MSA Stage 5 School of Architecture

Maria Kinash

The architectural stage set represents space, time, and movement, depicting life on streets. Old familiar locations, memories, and anecdotal spaces can be traced through the movement of people. The scale of 21st century commercial landscape was once unified with the car, however, the overdevelopment of buildings for private use decimated the humanistic experience of our streets. Urban repair is required to reintroduce the Polypolis; adjusting the scale of existing buildings and repurposing in between spaces. The Noli Map represents the basic condition of urbanism – public, private and figural space. Modernist skyscrapers housing private business in comparison to the space of the Noli, is anti-space, and anti-urban. Civic spaces must be created to enable the architectural stage set to support its local communities and therefore creating an active urban theatre. Holistic urban design tactics that support civic requirements to suit contemporary living include:

1)     The carpet: the street landscape and the stage set and includes the square – a moment of respite.

Where urban infill is required:

2)     Poche spaces, cloisters and carved volumes to support a mix-use district.

3)     The loggia manipulates the perception of time and regains the working public spaces from private enterprise.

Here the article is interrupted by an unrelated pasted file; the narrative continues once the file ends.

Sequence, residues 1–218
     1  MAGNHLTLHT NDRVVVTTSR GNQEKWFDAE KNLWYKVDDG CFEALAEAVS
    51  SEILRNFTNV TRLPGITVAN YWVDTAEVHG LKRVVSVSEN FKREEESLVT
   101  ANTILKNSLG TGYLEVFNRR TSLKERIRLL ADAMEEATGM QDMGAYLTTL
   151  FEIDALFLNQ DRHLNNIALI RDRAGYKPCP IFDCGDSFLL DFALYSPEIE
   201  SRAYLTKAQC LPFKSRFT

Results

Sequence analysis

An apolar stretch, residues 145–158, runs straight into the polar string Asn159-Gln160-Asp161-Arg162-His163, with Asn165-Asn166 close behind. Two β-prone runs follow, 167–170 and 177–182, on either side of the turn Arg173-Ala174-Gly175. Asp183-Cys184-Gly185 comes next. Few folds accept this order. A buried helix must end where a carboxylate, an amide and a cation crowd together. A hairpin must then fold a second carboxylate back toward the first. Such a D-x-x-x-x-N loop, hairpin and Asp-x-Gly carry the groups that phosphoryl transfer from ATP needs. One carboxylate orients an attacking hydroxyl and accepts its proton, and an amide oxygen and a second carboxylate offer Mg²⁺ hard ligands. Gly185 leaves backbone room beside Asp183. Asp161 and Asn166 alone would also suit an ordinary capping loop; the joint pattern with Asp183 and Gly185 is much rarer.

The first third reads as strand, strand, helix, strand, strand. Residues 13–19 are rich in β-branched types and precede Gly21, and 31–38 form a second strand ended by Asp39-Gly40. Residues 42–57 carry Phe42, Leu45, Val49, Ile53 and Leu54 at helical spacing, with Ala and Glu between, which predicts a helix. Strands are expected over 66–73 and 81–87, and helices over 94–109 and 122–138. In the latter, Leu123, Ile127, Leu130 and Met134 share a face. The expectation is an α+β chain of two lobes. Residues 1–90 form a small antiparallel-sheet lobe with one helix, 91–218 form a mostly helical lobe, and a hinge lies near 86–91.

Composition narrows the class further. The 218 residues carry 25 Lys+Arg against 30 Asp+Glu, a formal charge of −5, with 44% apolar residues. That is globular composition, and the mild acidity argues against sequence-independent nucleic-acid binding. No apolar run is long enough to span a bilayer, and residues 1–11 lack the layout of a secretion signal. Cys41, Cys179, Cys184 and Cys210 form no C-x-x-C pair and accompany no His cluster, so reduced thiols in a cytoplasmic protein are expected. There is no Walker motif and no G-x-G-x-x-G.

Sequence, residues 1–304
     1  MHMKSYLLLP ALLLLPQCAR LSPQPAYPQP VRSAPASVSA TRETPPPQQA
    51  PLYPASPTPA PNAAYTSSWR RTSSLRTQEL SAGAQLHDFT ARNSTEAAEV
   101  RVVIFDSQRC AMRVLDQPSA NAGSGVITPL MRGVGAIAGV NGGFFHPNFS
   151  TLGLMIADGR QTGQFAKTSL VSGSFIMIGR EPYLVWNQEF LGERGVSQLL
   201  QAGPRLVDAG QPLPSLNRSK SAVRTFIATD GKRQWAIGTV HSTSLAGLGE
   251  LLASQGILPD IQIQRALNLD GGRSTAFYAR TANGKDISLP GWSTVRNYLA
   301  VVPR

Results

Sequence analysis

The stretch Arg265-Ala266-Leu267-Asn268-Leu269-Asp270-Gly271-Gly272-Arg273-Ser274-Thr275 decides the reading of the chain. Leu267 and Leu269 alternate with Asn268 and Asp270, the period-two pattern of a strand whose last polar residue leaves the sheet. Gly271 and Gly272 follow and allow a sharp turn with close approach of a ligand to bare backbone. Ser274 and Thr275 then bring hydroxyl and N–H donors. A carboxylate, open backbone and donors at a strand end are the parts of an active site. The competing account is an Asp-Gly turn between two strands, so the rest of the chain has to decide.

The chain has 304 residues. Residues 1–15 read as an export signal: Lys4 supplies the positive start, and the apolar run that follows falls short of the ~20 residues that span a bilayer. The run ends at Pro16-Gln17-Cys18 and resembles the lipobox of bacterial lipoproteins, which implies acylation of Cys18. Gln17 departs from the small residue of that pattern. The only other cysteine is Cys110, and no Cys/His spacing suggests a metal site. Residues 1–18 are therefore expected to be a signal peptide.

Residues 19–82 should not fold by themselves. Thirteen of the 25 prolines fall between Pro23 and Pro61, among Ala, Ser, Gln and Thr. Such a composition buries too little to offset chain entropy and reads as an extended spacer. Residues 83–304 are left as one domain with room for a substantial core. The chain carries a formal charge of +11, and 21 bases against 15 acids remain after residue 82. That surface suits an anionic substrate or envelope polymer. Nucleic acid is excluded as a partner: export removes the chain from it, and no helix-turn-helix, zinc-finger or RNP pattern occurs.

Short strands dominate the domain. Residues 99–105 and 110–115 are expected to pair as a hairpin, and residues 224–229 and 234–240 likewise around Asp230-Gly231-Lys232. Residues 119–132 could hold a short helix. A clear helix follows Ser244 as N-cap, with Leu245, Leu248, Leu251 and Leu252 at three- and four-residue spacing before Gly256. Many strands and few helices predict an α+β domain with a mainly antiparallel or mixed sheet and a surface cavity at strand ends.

The archetype of the various urban repair tactics works as the mediator for readjustment of scale. It is a space that measures, frames, and blurs the threshold of public and private. It represents a rebalance of power, from private enterprise to public space. It is more than just civic streetscape and explores the expression of an urban room. The movement of people through an architectural promenade acts as a spiritual preparation. The threshold and reconnection to city is to be tested as it defines a new public space that influences the local texture of the city and its connection to civic spaces. The urgency to support the ethical city provides an opportunity to explore resources, technologies and materiality that articulate the expression of the urban theatre as well as designing in a holistic manner, suited to the city of Brussels and its inhabitants. This will be explored with the use of stone.

The Street as the Urban Theatre

The Street as the Urban Theatre

The Manhattanplan in the Brussels northern territory, once a financial opportunity for developers to create private business, now oversized monotonous buildings represent capitalism, repressive institutions, and does not relate to the nearby communities. It is the representation of the Anti-City. The zoning of a single use has led to overdevelopment that is difficult to repurpose and maintain. The use of these buildings depletes as soon as constructed and this scale of building is not relevant to today’s urbanism. Adjusting the scale of the buildings and repurposing the in-between spaces can establish civic spaces that support the neighbourhood. A Polypolis is required; removing monofunctional composition and introducing a mix use of urban civic elements to the city that support the wellbeing of local communities, to create an active urban theatre. Space time and motion should be brought together to depict the life on urban streets, including old familiar locations, memories, things both real and unreal, and anecdotal, in other words this is now referred to as the urban theatre.